How does a scientific field grow?
Several decades ago in his book The Structure of Scientific Revolutions, Thomas S. Kuhn argued that scientific discovery is characterized by several distinct stages. He defined “normal” science as a period in which the scientific community assumes that it “knows what the world is like.” Scientists take great pains to defend these models of the world and tend to reject novel findings that appear to challenge the underlying assumptions.
At some point, challenges to the prevailing wisdom become strong enough to put science in crisis. The crisis is finally resolved with a transition from the old paradigm to a new, more compelling model. A scientific revolution occurs.
Looking centuries into the past, scientists and historians can readily identify significant paradigm shifts—turning points that put science on a new footing. It’s much more difficult to detect and monitor such revolutionary changes in understanding as they happen amidst the hurly-burly of daily scientific exchange.
One way to try to get a handle on what’s happening in a scientific field is to study citations in research papers. The idea is to look at which papers are cited together, then to represent those data as a network of nodes (articles) and links (articles appearing in the same reference list).
In a visualization of a complex network with many links, however, it can be very difficult to recognize significant patterns amid the clutter. Chaomei Chen of Drexel University in Philadelphia has developed a method for effectively visualizing such networks by reducing the number of links that must be shown and appropriately weighting the remaining ones while still preserving a given network’s basic structure. Animation then allows him to study the evolution of these networks over time.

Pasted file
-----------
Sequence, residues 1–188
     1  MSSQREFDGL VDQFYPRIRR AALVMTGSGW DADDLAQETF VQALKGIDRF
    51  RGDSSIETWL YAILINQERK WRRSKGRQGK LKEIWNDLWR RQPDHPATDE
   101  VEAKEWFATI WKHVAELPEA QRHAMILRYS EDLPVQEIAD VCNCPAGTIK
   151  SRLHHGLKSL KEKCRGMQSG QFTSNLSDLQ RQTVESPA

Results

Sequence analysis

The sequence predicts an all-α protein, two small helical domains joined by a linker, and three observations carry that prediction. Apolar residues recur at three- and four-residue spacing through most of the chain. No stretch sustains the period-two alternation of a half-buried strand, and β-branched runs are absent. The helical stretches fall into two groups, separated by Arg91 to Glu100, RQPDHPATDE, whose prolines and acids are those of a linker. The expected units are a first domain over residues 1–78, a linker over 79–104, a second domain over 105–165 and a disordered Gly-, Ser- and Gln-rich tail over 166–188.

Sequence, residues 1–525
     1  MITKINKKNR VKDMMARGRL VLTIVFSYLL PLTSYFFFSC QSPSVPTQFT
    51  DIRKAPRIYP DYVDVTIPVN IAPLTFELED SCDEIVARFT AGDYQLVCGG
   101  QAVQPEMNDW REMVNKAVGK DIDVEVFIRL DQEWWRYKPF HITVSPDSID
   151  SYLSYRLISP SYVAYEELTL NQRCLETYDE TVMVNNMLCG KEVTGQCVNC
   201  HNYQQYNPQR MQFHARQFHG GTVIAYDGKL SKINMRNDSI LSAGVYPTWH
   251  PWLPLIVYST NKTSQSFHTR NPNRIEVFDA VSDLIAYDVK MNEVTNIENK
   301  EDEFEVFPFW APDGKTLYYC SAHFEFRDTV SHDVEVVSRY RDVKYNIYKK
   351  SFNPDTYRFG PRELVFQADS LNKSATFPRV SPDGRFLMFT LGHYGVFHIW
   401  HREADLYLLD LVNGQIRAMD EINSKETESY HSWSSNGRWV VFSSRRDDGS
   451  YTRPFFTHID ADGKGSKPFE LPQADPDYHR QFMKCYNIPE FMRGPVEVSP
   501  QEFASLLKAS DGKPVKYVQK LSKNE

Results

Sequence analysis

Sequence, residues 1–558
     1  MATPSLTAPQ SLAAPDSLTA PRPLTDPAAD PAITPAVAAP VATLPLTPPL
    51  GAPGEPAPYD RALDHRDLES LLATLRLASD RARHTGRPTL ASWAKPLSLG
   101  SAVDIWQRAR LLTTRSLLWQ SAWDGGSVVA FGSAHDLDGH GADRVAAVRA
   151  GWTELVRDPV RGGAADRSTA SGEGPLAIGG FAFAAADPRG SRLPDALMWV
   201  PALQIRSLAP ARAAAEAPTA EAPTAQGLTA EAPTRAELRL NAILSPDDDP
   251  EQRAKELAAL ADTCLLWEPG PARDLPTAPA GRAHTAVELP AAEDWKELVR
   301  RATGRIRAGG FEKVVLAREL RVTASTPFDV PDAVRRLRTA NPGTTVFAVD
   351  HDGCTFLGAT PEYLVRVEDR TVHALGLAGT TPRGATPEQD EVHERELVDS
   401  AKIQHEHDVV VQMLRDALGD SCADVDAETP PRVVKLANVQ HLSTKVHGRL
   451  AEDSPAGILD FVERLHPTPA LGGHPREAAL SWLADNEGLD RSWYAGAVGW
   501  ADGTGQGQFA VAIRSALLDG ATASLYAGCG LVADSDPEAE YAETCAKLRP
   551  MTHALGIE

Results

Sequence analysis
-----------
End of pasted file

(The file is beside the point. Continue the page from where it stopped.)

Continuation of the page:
Consider the specialty of botulinum toxin research. The botulinum toxin is a potent poison produced by the bacterium Clostridium botulinum. Botulism, the medical condition caused by the toxin, was first systematically studied in the 1820s by a German medical officer, Justinus Kerner (1786–1862). The bacterium itself was first isolated and its toxin identified by Emile van Ermengen in 1897. Modern toxin research began with the culturing of the bacterium and isolation of the toxin in 1944, followed by the discovery in 1949 that the botulinum toxin blocks neuromuscular transmission.
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Using citation records from 1945 to 2002, Chen found that he could characterize botulinum toxin research as a network that includes 516 nodes (papers cited together 10 or more times) and 19,631 links, for example. Another network that he derived from the data focused on prolific authors. Using such network representations, Chen could then identify various clusters, showing how the field has branched over the years, from early toxin research to medical uses of the toxin, gene studies, botulism disease and food spoilage, and so on.
Animated visualizations of the 58-year history of the field’s growth vividly illustrate how these research clusters have emerged, spread, and branched out. Color coding and other techniques help spotlight research frontiers and significant changes in research direction.
“Intellectual structures of a knowledge domain before and after a major conceptual revolution are likely to be fundamentally different as new theories and evidence become predominant,” Chen writes in an upcoming Proceedings of the National Academy of Sciences. In this paper, Chen describes further advances in his visualization techniques, implemented in a computer program he calls CITESPACE, that emphasize progressively visualizing the evolution of network structures.
“In comparison to other methods for detecting changes of networks over time, our approach simplifies cognitively demanding tasks of comparing a sequence of network snapshots,” Chen says. “The progressive visualization method allows us to focus on much simpler tasks of locating pivot nodes and cluster centers.”
To show how his method works, Chen applied it to the field of superstring theory in physics, looking at citations from 1985 to 2002 (and a part of 2003). His panoramic visualizations, highlighting landmark or pivotal papers in the field, can be seen at http://www.pages.drexel.edu/~cc345/citespace/Figure2.png, http://www.pages.drexel.edu/~cc345/citespace/Figure3.png, and http://www.pages.drexel.edu/~cc345/citespace/Figure4.png.
Chen’s visualizations successfully spotlighted groundbreaking articles that triggered two revolutions in superstring theory.
“The progressive visualization method introduced here has practical implications,” Chen concludes. “It provides scientists with a roadmap of their own field.”
It’s a bit like watching a movie instead of reading the novel to get the gist of what’s hot and what’s not.